Connect with us

Please help me identify this capacitor!

Discussion in 'Electronic Repair' started by Darrin Smith, Jun 20, 2004.

Scroll to continue with content
  1. Darrin Smith

    Darrin Smith Guest

    My VCR died recently. When I opened it up, I noticed that in the power
    supply, one of the caps leaked out and corroded a couple leads on two other
    small caps. These caps have only a 103 K or maybe f03 K (the first
    character looks more like a 1, but it might be an f) marked on it. No
    voltage or farrod reading....only the 103 K or f03 K can be seen.

    The first two characters (either 10 or f0) are underlined as is the K.

    The capacitor looks like it is ceramic, but it is not a disc. It is more of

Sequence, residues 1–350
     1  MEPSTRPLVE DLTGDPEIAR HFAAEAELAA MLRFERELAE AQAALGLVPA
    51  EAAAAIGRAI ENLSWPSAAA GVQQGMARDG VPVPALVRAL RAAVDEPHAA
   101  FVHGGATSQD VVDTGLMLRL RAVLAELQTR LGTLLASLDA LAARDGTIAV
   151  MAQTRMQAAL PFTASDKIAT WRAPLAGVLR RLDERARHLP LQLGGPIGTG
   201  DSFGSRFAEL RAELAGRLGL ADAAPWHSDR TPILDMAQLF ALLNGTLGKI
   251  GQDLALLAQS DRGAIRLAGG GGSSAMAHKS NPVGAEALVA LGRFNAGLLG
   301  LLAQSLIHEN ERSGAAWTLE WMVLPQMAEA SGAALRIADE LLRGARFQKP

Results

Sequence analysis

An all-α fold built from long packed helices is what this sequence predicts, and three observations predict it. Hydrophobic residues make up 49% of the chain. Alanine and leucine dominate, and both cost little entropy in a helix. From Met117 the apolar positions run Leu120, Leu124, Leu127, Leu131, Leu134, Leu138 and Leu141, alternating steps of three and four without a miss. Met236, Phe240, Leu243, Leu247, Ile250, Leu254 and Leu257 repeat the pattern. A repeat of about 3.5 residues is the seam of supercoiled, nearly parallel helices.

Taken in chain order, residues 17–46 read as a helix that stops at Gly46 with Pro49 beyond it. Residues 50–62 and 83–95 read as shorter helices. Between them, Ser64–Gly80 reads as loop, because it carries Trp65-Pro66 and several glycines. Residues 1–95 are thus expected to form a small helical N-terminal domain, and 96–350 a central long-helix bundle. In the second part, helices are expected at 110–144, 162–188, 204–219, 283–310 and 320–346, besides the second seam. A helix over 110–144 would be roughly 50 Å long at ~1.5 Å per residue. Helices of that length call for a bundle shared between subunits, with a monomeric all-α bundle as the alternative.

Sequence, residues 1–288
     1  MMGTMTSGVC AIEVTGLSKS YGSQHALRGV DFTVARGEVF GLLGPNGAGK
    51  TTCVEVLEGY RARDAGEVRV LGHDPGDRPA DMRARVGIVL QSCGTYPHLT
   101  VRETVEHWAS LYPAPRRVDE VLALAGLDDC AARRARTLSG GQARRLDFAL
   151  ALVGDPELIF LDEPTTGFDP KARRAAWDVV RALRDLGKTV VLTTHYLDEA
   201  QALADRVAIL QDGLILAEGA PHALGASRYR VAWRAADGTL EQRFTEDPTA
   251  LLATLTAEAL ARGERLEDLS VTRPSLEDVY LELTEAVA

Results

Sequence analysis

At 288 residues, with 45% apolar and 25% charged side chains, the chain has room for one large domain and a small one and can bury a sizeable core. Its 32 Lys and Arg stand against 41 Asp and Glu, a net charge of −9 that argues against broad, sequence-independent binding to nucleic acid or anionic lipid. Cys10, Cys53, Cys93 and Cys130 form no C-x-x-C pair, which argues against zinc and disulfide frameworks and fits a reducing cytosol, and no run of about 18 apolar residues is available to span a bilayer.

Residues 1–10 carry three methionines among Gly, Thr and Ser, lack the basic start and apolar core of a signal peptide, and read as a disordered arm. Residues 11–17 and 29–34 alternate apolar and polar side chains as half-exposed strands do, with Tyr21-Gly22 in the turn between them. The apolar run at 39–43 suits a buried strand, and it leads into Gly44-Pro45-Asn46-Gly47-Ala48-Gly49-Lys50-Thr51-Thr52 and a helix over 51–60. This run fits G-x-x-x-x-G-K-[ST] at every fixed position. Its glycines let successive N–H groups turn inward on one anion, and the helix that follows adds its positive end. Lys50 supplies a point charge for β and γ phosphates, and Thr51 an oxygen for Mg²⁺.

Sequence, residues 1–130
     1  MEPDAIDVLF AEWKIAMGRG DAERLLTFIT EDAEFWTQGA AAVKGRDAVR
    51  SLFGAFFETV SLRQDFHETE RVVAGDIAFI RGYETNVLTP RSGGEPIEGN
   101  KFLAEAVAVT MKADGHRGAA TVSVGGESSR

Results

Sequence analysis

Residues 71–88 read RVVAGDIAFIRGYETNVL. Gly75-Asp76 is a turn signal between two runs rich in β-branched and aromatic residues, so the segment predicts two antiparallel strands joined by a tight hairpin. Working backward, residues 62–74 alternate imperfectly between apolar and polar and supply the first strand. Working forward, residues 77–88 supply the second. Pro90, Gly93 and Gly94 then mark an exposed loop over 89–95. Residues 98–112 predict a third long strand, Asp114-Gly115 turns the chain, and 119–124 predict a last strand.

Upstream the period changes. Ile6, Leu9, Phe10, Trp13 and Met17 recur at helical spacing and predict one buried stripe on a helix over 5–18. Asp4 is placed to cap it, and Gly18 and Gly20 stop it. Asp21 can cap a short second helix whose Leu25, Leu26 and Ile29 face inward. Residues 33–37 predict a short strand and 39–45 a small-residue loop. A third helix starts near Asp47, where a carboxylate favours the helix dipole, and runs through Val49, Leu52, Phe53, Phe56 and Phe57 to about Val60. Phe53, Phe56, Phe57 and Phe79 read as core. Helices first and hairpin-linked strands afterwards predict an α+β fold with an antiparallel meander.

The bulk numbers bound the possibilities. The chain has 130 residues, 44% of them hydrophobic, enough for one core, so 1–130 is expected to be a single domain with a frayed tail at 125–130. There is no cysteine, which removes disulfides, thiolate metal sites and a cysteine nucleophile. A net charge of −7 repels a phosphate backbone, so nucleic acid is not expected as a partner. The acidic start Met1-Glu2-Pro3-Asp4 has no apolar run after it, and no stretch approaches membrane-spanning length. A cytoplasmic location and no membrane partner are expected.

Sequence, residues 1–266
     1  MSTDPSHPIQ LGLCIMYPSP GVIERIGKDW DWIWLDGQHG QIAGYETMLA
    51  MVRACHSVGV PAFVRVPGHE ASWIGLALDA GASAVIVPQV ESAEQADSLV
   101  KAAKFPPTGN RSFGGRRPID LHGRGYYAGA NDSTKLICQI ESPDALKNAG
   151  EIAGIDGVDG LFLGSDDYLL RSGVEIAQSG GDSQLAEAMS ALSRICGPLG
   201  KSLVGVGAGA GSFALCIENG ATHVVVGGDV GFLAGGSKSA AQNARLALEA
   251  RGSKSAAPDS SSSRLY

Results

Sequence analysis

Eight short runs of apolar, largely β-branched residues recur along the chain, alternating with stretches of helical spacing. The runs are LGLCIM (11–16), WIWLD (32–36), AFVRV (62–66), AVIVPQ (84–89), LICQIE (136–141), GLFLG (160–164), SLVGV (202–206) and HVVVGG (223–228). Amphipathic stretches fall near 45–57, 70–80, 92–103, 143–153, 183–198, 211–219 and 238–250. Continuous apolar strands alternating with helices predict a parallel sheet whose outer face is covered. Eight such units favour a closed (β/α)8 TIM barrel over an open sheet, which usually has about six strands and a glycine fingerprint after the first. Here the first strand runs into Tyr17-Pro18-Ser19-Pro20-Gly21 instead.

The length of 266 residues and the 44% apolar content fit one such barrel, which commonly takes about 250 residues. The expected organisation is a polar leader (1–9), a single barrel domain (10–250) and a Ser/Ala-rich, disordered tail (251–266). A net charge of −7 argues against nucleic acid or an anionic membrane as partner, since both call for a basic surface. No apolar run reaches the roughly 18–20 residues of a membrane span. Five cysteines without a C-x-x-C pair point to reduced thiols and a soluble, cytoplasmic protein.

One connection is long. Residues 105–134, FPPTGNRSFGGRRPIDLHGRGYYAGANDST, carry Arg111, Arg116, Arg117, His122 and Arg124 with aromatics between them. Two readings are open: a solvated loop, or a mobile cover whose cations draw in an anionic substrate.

a square shape, and brown in color.

    I know this isn't much to go on, but I'd appreciate it if you could help me
    out here.

    Thanks!

    Darrin
     
  2. Darrin Smith

    Darrin Smith Guest

    Almost forgot...

    For what it is worth, the other caps in the power supply (a Farouda built
    one I think, for Sony) are rated at 105 degree C....if that helps out any!
     
  3. sofie

    sofie Guest

    103 = . 10,000pf = .01 uf
    the way the 103 works is:
    10 plus 3 zeros = 10,000
     
  4. Asimov

    Asimov Guest

    "Darrin Smith" bravely wrote to "All" (20 Jun 04 00:38:58)
    --- on the heady topic of "Please help me identify this capacitor!"

    DS> From: "Darrin Smith" <>

    DS> My VCR died recently. When I opened it up, I noticed that in the
    DS> power supply, one of the caps leaked out and corroded a couple leads on
    DS> two other small caps. These caps have only a 103 K or maybe f03 K (the
    DS> first character looks more like a 1, but it might be an f) marked on